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Kazakhstan prepares for parliamentary elections
Opposition is guaranteed some seats
By Gulmira Kamziyeva
ASTANA – Astana is preparing for early parliamentary elections, scheduled for mid-January. The new Majilis, or lower chamber, will become multi-party because of a recent reform that entitles the second most popular party in the election to seats in parliament.
Following a request from 53 of the 107 deputies November 10, President Nursultan Nazarbayev signed a decree dissolving the Fourth Majilis and setting Majilis elections for January 15. The political parties plan to hold their conventions before the end of November.
The fourth parliament’s term had previously been set to end in August 2012.
“Next year, we expect a new wave of the financial/economic crisis, and because of this, it is important to get through the elections cycle more quickly,” said the statement from the parliamentarians.
The president’s Nur Otan Party will hold its convention November 25, followed a day later by the conventions for the Communist People’s Party and All-National Social Democratic Party (or Azat). Parties will review election platforms and approve candidate lists, and Azat will decide whether to compete in the elections.
The only party barred from the election is the Communist Party, because a “court order suspended its activities,” said Kaundyk Turgankulov, chairman of the Central Election Commission (CEC), referring to a six-month suspension imposed in October for helping organise an illegal movement to monitor the Mangistau Oblast oil workers’ strike.
“The parties have already begun nominating candidates, which will go on until December 5, and 10 days after that, the CEC will conduct registration for the party lists,” Turgankulov added. “Ninety-eight MPs will be elected from the party lists, and the Assembly of Peoples of Kazakhstan will choose nine.”
The Assembly is a consultative body loyal to Nazabayev.
Multi-party nature of new parliament praised
“Thanks to these elections, Kazakhstan’s parliament will become multi-party,” said Senator Gasi Kasymov. “We (will) have moved away from a one-party monopoly, so I think that whatever party comes out of this, it will all the same bring new changes to the Majilis’s work. … “There will be arguments and there will be alternative opinions, so everything is good,” said Kasymov.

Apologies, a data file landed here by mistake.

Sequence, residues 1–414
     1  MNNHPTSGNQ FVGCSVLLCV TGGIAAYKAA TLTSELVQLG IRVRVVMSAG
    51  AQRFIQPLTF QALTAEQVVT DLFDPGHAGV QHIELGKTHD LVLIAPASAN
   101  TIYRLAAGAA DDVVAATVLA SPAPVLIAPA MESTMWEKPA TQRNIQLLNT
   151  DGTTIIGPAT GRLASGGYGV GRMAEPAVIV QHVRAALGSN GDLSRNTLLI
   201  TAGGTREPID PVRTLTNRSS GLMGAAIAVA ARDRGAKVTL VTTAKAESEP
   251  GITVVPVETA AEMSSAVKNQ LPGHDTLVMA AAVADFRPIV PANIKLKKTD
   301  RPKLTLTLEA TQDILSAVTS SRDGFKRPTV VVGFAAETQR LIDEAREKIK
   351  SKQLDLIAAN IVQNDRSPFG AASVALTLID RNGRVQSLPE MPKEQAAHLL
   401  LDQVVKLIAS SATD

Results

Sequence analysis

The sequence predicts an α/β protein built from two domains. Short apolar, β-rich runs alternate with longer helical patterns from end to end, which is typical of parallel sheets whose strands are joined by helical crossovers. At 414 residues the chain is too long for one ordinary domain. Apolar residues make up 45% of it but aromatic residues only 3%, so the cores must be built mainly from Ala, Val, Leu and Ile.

But Communist Party leader Gaziz Aldamzharov called the elections unnecessary.
“The people don’t care who takes the seats of the old MPs because the MPs don’t work with the people. They will sit there just as they sat there before. So I think that this is just a show,” he said.
Kazakhstani political analyst Dosym Satpayev from the Risk Assessment Group hopes the parliament will gain strength and independence from these elections. “Up until now, it was not exactly clear what was the purpose of the elections ... If this was all done for the sake of parliament becoming multi-party, then we’ll just be repeating our old mistakes.”
“[The other option is] if we’re talking about how these early parliamentary elections should form a strong parliament in the future, which will differ from the old. We are talking about its emergence and the strengthening of parliament itself in terms of its functions and powers, which it should have more of. And the ultimate goal of all of this should be the transformation of our presidential system into a presidential-parliamentary one.”
A genuinely multi-party parliament will boost Kazakhstan’s development, said Anatoly Rostichenko, an instructor in the Oriental Studies Department of the L. N. Gumilyev Eurasian National University in Astana. “The views of all of the parties will be represented, and not just those of the ruling one. This will also improve Kazakhstan’s image in the global arena, something that is far from trivial. The most important thing is for this good initiative to have a good result.”